May 30, 2006
Process vs Product
When is a knitting project a success? Is a successful project one in which you enjoy every minute of the process regardless of the final fit? Or must the end product be a winner for the project to be deemed successful? nona's been pondering this question.
After a quick timeout for swatching -- 'cause who can resist the swatch -- I finished my Habu Vest. I loved everything about the process of this project. The silk yarn was a joy to knit with. The schematic based pattern was clear, concise, and catered to my thinking style. Steam blocking the panels to a paper pattern was exacting and satisfying. All in all a very successful project.
Successful that is until I tried the bloody thing on. Not at all becoming to my body shape. Since we're friends, I'll give you a peek...
Process or product? For me, it's the process. An unflattering -- on me -- garment is still successful if I enjoyed the process. How about for you?
May 24, 2006
A Pile of Pieces
Hey, that schematic must have worked because nona's got a pile of pieces. Not only that, but the pieces all appear to be the correct shape and size. Have I told you how much I dig knitting from the schematic?!
Knitting done, pieces steam blocked, ends woven in -- note to self,next time you're weaving in ends on garter stitch be sure you're on the wrong side -- time for a bit of seaming. Wish me luck.
May 18, 2006
The time is ripe my friends to discover the numbering system used in Japanese patterns. Whoa, whoa, whoa, don't click away so quickly! Please humor me and at least skim to the end.
In a Japanese pattern all shaping -- increases and decreases -- are articulated using a numbering system. Here is an example for shaping an armhole:
4 - 1 - 2
2 - 1 - 4
1 - 5 - 1
Decrease 11 total stitches as follows: bind off 5 stitches at the beginning of the next row. Decrease 1 stitch every other row 4 times and then every 4th row 2 times.
Here are the keys to deciphering one of these gems:
- The location of the numbers on the schematic tells you where the shaping should occur.
- Always read the numbers from the bottom up
- The number in the ( ) tells you the total number of stitches to decrease (-) or increase (+).
- When given 3 numbers -- the first number tells you how many rows to work, the second number tells you how many stitches to decrease (or increase) in the last of these rows, and the third number tells you how many times to repeat this.
Taken line by line:
- (-11) means -- 11 total stitches are decreased
- 1 - 5 - 1 means -- in the next row, decrease 5 stitches, one time. Since this is an armhole, the 5 stitches are decreased by binding off.
- 2 - 1- 4 means -- every 2 rows, decrease 1 stitch, 4 times (for a total of 8 rows)
- 4 - 1 - 2 means -- every 4 rows, decrease 1 stitch, 2 times (for a total of 8 rows)
Okay time for you to try one. What does this mean:
8 - 1 - 4
12 - 1 - 8
Continue reading to see the answer ...
Increase 12 stitches as follows: Increase 1 stitch every 12 rows, 8 times and then every 8 rows 4 times.
Give yourself a pat on the back just for sticking with me for this long. nona appreciates your sense of adventure.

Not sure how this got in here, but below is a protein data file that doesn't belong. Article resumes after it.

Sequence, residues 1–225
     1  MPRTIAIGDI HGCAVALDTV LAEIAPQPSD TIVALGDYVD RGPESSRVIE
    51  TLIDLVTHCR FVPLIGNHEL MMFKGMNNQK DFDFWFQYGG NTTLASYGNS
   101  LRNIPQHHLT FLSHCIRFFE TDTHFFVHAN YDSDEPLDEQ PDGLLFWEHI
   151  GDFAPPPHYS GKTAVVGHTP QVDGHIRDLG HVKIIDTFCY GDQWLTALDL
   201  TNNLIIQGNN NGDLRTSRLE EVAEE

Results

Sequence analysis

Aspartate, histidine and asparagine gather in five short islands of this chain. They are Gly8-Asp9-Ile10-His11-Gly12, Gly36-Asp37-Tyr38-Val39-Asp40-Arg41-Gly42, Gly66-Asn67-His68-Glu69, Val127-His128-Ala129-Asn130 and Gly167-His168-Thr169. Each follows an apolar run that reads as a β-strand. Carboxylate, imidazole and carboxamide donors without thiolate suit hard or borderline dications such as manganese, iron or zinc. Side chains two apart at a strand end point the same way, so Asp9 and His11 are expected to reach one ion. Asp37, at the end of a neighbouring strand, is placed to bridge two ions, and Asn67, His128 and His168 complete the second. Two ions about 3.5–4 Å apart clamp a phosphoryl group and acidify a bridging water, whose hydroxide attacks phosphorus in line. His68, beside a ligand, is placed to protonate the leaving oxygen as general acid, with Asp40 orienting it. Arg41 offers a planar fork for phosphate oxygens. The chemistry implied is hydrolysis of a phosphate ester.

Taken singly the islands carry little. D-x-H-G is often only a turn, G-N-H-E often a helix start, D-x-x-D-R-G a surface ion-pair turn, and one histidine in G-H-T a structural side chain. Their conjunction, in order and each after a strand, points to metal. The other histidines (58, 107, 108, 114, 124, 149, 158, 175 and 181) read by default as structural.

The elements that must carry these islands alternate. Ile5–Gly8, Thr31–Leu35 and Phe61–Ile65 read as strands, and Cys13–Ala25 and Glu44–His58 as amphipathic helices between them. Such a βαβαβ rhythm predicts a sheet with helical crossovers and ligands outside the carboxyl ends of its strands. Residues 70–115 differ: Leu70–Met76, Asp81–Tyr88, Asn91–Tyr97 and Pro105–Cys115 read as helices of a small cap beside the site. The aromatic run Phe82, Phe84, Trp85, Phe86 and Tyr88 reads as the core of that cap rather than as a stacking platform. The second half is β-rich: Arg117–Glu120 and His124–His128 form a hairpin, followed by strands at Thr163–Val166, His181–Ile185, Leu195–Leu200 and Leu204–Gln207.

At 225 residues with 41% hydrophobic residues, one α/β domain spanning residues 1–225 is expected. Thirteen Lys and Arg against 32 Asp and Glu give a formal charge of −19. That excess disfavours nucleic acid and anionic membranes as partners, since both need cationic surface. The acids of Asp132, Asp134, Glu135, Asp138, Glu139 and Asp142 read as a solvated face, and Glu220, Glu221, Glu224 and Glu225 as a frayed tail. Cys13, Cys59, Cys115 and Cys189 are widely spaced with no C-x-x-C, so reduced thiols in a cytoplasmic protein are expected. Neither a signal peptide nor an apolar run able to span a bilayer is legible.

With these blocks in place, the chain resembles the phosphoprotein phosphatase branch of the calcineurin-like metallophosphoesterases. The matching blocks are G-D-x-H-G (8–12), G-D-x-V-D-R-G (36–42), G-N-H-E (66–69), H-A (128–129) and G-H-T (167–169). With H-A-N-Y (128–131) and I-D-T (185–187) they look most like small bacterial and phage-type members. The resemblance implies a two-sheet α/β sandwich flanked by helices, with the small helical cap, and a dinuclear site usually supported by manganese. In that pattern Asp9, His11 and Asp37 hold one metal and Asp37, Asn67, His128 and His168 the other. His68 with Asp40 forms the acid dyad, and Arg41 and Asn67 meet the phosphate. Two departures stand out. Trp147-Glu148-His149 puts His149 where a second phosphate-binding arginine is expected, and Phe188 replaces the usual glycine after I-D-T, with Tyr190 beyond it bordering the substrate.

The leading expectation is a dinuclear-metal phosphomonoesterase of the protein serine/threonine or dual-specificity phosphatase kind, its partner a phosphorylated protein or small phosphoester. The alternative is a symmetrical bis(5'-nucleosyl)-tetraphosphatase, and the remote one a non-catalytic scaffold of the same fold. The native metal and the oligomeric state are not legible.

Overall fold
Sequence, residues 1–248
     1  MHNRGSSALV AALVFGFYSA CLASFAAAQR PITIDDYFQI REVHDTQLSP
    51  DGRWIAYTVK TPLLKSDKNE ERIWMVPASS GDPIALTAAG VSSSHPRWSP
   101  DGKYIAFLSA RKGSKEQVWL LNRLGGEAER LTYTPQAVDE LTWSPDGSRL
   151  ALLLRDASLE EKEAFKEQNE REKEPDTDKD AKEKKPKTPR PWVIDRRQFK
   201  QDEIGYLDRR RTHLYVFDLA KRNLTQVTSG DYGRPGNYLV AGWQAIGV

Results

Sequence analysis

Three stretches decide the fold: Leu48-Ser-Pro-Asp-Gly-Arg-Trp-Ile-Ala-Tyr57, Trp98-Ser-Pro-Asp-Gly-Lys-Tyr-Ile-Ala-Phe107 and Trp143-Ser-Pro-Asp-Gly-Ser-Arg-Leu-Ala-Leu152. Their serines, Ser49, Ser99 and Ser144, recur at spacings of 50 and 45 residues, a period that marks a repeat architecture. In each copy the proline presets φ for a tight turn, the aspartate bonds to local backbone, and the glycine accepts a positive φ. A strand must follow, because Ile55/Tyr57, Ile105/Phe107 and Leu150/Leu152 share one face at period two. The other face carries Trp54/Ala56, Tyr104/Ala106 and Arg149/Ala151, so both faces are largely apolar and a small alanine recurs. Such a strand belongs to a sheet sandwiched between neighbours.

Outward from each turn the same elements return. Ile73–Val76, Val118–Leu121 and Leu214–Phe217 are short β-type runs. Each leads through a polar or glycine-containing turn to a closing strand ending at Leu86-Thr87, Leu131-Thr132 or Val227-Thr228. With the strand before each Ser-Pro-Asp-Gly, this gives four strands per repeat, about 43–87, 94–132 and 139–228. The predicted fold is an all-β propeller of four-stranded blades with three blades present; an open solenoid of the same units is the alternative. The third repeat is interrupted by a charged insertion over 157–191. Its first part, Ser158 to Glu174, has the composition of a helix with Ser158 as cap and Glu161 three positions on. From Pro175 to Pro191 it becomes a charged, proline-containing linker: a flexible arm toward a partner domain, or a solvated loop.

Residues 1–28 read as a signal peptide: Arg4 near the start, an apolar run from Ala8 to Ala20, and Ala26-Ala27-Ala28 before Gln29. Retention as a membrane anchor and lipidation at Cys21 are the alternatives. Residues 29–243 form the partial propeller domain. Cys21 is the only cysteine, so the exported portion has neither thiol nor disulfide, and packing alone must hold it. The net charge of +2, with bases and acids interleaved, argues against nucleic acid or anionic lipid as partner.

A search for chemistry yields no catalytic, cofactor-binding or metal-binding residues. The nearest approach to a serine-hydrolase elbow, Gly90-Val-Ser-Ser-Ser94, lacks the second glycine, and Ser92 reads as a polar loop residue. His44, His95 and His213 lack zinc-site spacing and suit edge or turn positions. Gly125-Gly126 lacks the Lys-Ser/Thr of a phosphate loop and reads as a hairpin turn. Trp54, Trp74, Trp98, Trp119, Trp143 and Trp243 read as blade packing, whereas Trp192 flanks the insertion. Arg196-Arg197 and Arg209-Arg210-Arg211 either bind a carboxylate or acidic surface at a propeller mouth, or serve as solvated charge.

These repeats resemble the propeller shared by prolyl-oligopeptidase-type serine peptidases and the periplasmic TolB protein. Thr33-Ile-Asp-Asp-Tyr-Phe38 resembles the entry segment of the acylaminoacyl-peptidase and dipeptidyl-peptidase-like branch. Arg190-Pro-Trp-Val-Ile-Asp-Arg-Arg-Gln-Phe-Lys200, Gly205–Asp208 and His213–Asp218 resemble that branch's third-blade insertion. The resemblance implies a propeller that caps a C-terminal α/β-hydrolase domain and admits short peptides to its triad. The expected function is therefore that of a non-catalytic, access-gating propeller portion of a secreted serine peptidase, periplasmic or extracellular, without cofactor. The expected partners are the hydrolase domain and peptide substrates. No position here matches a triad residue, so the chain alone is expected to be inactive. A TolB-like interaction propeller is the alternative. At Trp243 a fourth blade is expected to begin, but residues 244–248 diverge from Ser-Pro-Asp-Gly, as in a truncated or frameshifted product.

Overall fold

May 17, 2006
Blocking the Living Room
Consensus has it that my Habu schematic looks more like a floor plan than a knitting pattern -- and did you see the large walk-in closet!? This vest is constructed from 8 panels -- we'll call them rooms -- half knit horizontally and half vertically. Each direction has a different gauge and calls for "hard" blocking.
I've finished the living room (the back top left panel) and it's a stretch -- pun intended -- to get it to it's final dimensions. This situation calls for drastic measures. Yes, my friends, this situation calls for a paper pattern and the Steam Queen.
Here's the top-left panel pre-blocking.
Move your mouse over the picture to see the post-blocking shape.
Sorry about the poor color, sigh
When I have to hard block to exact measurements I like to use a paper pattern. Interested in seeing the process? Read on...
|Step 1 -- Create a paper pattern to the actual measurements of the piece. If your pattern includes a schematic, this is an easy task given a good ruler and large sheet of paper.
If you pattern does not include a schematic, you'll need to calculate the dimensions yourself -- a story for another day.
|Step 2 -- Using lots and lots of pins, stretch the knit piece to fit the size and shape of the paper pattern.
Since I knew I needed lots of horizontal stretching -- the pattern warned me about this -- I haven't yet bound off. We all know binding off can create a tight edge.
|Step 3 -- Steam the heck out of the piece and let it thoroughly dry. When you remove the pins the piece should retain it's new, blocked shape.|
May 15, 2006
Pinch me, cause I think I've died and gone to heaven. My LYS carries a few items from Habu Textiles and I was lucky enough to pick up a vest kit.
Not only does the silk knit up beautifully, but the pattern is a fascinating puzzle. I'm sure, faithful reader, you are well acquainted with nona's love for all things numbers and visual. Well, the entire pattern is described using a schematic with a special numbering system. For those with less enthusiasm for visual puzzles, the pattern also includes a verbal description. Always looking for a challenge, I'm going to try and use only the schematic -- we'll see what I end up with!
All patterns, designs, content, and photographs Copyright 2004-2010 nonaKnits and Carolyn Quill Steele. All rights reserved. My free patterns are available for your individual personal use as long as no profit is made from the distribution of the pattern or finished item. If you have any copyright questions or requests, please ask -- nonaKnits at gmail dot com.